Division of Health Psychology 2015

The Division of Health Psychology is a relatively small Division (n=2085) that gives its members excellent value for money in terms of the amount and quality of activities we both engage in, and offer. Our members are either academics or practitioners, with a few who combine dual roles. The DHP strives to ensure that the interests of both groups are represented, not just internally within the BPS, but externally, in the UK and beyond.

Awareness raising

We ran a ‘Capturing the Essence of Health Psychology’ competition (won by Dr Amy Burton). The entries have now been developed into postcards which form an eye-catching resource that highlights the diversity of work that health psychologists engage in. In addition, our Publicity and Liaison subcommittee have represented and promoted the DHP at a number of events this year including: Division of Clinical Psychology & BPS Annual Conferences and Psych4Students/Graduate events at London & Sheffield. Promotional material has also been developed for Directors of Public Health services, A level students and undergraduate students. The new materials add to the existing breadth of material available to all members online and in hard copy. 


Research is very important to us as a Division: we cannot practice, neither can we train the next generation of health psychologists without a clear research informed evidence-base. Our annual conference is an opportunity for us to showcase the high quality research that is being conducted by and for health psychologists. At the conference this year:

  • Professor Rona Moss-Morris was awarded the DHP Outstanding Contribution to Research prize for her work focusing on models that help the conceptualisation and treatment of conditions characterised by persistent physical symptoms. She has made a huge contribution not just to our scientific knowledge base, but through translating that knowledge into cost-effective treatment options.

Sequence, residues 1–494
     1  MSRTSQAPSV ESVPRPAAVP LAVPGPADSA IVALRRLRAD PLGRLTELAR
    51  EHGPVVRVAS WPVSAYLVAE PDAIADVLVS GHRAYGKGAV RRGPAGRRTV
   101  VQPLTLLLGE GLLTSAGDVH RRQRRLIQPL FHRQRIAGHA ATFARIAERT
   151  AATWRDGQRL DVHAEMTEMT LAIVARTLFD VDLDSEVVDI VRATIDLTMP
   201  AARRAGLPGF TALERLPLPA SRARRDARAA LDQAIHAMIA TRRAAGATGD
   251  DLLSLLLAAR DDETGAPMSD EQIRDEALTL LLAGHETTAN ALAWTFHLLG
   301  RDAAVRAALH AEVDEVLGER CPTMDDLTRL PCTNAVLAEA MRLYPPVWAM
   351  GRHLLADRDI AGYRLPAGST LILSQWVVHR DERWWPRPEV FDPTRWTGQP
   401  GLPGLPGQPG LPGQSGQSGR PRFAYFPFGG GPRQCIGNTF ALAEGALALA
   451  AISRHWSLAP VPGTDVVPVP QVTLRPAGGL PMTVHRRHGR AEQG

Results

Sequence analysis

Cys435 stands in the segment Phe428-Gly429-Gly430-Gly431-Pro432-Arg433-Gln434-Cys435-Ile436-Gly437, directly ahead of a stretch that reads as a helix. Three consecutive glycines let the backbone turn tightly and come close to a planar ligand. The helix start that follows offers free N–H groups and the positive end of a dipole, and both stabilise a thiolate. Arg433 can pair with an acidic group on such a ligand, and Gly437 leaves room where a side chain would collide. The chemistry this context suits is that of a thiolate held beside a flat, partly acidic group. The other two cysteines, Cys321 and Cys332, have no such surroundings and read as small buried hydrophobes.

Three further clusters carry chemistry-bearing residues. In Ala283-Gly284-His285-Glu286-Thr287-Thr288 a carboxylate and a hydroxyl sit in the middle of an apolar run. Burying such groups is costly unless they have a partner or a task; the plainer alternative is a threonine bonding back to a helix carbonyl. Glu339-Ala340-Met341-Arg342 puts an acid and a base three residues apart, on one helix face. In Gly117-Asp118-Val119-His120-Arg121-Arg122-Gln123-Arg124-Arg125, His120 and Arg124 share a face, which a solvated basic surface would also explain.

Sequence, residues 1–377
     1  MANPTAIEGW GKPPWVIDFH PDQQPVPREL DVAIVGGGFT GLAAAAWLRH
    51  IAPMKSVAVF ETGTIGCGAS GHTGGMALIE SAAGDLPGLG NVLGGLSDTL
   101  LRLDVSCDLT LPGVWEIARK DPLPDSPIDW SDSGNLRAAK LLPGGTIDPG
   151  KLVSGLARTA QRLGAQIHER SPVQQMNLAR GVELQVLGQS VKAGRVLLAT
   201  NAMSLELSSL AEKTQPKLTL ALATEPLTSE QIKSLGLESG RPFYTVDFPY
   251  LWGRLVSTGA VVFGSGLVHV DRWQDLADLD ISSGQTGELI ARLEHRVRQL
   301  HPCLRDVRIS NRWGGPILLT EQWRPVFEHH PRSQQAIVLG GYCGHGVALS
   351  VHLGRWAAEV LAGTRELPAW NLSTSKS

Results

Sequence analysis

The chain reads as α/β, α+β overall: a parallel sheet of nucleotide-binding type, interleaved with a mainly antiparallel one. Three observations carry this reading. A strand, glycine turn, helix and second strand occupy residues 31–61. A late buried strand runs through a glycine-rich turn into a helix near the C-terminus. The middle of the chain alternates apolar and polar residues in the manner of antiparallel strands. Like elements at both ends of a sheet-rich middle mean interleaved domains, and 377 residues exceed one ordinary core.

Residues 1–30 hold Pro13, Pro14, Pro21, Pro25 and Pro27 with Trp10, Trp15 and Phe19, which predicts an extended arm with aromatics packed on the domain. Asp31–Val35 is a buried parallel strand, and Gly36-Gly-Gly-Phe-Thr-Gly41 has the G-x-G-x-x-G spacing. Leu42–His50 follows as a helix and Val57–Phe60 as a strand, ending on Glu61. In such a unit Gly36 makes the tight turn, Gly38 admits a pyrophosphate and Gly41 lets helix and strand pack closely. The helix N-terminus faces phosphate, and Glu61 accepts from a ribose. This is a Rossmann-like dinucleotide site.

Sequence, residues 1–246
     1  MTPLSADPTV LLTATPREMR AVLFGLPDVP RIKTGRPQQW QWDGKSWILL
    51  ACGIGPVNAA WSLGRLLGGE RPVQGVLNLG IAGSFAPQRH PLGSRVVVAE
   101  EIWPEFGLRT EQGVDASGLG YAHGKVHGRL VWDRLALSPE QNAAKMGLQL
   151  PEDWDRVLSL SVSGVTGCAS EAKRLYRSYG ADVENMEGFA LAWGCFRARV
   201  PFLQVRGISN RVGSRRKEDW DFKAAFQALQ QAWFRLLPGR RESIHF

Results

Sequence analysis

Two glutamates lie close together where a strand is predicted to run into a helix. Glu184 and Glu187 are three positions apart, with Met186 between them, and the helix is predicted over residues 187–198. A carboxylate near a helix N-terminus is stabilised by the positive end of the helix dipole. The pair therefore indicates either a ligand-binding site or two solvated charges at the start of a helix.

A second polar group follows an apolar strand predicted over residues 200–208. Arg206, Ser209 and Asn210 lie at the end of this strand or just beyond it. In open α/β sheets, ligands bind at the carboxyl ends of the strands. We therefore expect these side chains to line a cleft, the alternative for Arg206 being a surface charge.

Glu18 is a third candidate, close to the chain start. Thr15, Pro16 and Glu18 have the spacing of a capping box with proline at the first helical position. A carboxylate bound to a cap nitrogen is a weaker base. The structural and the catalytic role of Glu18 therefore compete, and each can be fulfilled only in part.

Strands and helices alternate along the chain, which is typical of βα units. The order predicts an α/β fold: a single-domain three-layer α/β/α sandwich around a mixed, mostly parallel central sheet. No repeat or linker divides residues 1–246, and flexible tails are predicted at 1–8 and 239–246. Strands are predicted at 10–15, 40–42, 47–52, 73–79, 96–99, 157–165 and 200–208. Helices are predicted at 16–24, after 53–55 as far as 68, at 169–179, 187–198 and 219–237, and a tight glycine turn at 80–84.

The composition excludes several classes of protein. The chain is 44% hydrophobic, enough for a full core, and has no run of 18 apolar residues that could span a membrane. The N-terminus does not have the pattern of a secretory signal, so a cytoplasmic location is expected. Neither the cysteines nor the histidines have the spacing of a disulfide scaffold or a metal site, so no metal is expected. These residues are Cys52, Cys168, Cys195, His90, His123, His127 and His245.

• We were also thrilled that Dr Vincent Deary (who made a significant impact with the publication of his book ‘How to live’) agreed to have his keynote broadcast live as a webinar. This can be viewed on Youtube: The webinar was a huge success and is something we plan to do in future conferences - it widens access to the excellent work that is disseminated at the conference (over 500 views already).

Trainee/earlycareer members

We have continued to support our trainee and early career members through the provision of a range of opportunities. For example, pre-conference workshops; awards for top quality Masters level research; an award for an early career researcher. This year the MSc award was shared between Sarah Higgins from Staffordshire University and Olga Perski from UCL; whilst the Early Career Researcher Award was given to Dr Hayley McBain from City University, London.


Our Practitioner Subcommittee includes health psychologists based in universities and Applied Health Settings. This diverse experience has led to the development of a broad range of activities focused on creating and disseminating models of evidence-based practice in health psychology. This has included: publications, presentations to professional/academic audiences, workshops/symposia, public engagement events and development of job descriptions that could be used by managers/service leads to develop and advertise roles suitable for health psychologists. This work is ongoing, with further activities planned for 2016.

Plans for 2016

As a committee we will engage in more strategic and collaborative working with the DHP devolved nations committees as they continue to grow and establish themselves. We are also keen to collaborate with the Chairs of other Divisions in order that we can all build on our relative strengths and become more outward looking as Divisions and as a professional body.

In terms of research, we are planning for the joint EHPS/DHP 2016 conference, to be held in Aberdeen and the DHP 2017 conference, which will be held in Wales. Our Research Sub-Committee Impact group is working to identify impactful work in health psychology that we can share with members via our website.  

In terms of my focus, as Chair, I highlighted the need for awareness raising about the diversity of applications of health psychology. Having already run the ‘Capturing the Essence’ competition in 2015, I am now developing links with an organization called the Change Exchange, run by two UK health psychologists (Dr Jo Hart and Dr Lucie Byrne-Davis). They are placing volunteer UK health scientists into Health Partnerships in low to middle income countries to drive, understand and evaluate change in healthcare professional practice. This is a great opportunity to showcase the diversity and application of health psychology and I look forward to working with Dr’s Hart and Byrne-Davis over the coming year.

Professor Karen Rodham, Chair